Perhaps you are wondering where my son’s father is in all of this. Well, he was there. But he went out to work every day, and caring for my son, doing his physiotherapy, was not something that could just wait until the evenings. Of necessity, I did the lion’s share. I thought deeply about this. Was this unfeminist of me? Should I have tried to arrange our lives differently to give my husband a greater share of the care work, and myself more chance at employment? No, I concluded, it was simply the best arrangement for us. Simple biology decided matters in the beginning: my husband could not breastfeed the children. Far better for me to take the time I needed with them, and for him to enable that by continuing to work as normal.

So what about now? My youngest son – I have two other children who do not have any special needs – has now started school. You might think that this is an opportunity for me to breathe a sigh of relief and relax a bit. You would be wrong. The first few months presented a constant string of problems – dealing with special needs in a school environment is not a simple matter, even when the child is enrolled in a special integration unit. I went back and forth from the school, I took in things from home to help my son settle in, I donated books and toys to the integration unit, I made suggestions to the teacher, who clearly didn’t know what to do with my son. I took him to educational assessment committees, to specialists, and at every turn I had to hear that I was making a mistake, that I did not have my son’s best interests at heart, that I was doing it all wrong. I researched matters myself and went against the advice of the professionals to do what I thought best for my son, both in his daily life at home and with regards to his education.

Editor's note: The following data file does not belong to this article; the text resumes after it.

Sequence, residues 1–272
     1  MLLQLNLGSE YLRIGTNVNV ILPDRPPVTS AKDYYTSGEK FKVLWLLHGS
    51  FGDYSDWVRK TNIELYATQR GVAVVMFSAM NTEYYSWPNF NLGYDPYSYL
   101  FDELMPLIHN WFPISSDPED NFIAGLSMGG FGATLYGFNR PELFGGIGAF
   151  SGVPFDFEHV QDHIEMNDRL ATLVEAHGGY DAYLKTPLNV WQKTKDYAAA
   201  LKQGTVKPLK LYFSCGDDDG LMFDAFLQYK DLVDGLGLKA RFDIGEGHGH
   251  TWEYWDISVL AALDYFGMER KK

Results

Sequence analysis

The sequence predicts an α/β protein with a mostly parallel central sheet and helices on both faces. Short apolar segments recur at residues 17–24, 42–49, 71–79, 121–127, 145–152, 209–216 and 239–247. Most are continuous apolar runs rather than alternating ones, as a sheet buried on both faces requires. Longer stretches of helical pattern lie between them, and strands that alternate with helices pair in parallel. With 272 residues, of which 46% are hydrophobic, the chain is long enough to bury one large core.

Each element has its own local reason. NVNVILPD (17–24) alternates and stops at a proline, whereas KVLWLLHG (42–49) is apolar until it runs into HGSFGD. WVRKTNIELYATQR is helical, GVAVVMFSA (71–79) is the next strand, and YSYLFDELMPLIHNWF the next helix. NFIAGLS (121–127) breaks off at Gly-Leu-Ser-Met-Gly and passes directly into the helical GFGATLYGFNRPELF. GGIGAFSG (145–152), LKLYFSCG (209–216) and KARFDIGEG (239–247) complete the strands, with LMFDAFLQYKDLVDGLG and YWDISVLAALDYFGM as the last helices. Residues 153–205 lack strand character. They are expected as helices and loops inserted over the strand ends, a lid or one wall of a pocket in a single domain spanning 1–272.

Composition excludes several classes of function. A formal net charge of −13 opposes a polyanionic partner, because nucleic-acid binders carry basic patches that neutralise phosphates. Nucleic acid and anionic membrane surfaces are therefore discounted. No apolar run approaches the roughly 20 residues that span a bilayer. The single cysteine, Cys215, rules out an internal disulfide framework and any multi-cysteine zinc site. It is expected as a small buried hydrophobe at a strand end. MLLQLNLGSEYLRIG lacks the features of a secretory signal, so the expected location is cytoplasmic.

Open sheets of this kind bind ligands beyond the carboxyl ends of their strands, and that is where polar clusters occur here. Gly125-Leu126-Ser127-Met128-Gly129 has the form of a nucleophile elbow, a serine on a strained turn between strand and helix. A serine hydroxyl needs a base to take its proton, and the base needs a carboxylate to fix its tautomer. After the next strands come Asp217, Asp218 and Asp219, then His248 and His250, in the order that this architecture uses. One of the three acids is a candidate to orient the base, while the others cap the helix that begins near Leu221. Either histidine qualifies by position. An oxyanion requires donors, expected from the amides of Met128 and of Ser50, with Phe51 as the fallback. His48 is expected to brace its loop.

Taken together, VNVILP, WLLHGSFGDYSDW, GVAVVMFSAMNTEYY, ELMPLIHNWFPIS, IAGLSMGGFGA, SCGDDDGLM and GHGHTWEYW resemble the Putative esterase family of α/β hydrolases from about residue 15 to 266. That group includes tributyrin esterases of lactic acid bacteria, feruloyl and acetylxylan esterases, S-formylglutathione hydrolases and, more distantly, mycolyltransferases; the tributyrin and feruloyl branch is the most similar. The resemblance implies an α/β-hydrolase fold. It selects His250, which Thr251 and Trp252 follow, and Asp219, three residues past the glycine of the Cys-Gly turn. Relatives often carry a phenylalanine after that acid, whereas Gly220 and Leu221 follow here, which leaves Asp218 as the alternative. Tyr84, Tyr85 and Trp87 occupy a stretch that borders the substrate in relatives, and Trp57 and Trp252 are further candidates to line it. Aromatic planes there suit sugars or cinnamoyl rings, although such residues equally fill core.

Not once has anyone suggested to my husband that he is doing it wrong. Not once has he been told that he is making a mistake. In fact, on one occasion, when we went to the educational assessment committee, the chairperson turned to my husband, after I had explained our position, and said, right in front of me: “Do you really agree with her on this? Perhaps you see it differently?” I had already made it clear when I was speaking that we had agreed on those points together. Conversely, when my husband did the talking, no one questioned what he had to say.

So, I have told you about the hard work and the appointments, the insults from professionals who are supposed to be helping you. But that is not all life is when bringing up a child with special needs. It is also about laughing and having fun with my son, about playing with him, teaching him nursery rhymes, singing songs to him, all the normal things you do with your children. He may have special needs, but he is still just a little boy who wants to play! I may never see him write his own name, or even hear him say it, but he has a beautiful smile that melts my heart, his infectious giggle makes me laugh too, and seeing him wave his arms in time to music, especially after all the physiotherapy that has got him to this stage, brings tears to my eyes. He plays pretend games and likes to throw a ball or play on a swing, laughing away as he swings to and fro.

That is why I call it a cobblestone path – it is a bumpy ride, but the road goes on, we are not standing still.

I don’t deny that it is hard work. I will not claim that it is all plain sailing. But it has its rewards, and I do not begrudge a moment of it.


The Cobblestone Path

The fiddler takes a bow before performing,

She dances onto the cobbles,

Drawing the bow lightly over the strings.

She flits from pebble to pebble, playing gently.

A soft melody hums in our ears and we lean towards it.

With quick strokes, the fiddler plays a discordant sound,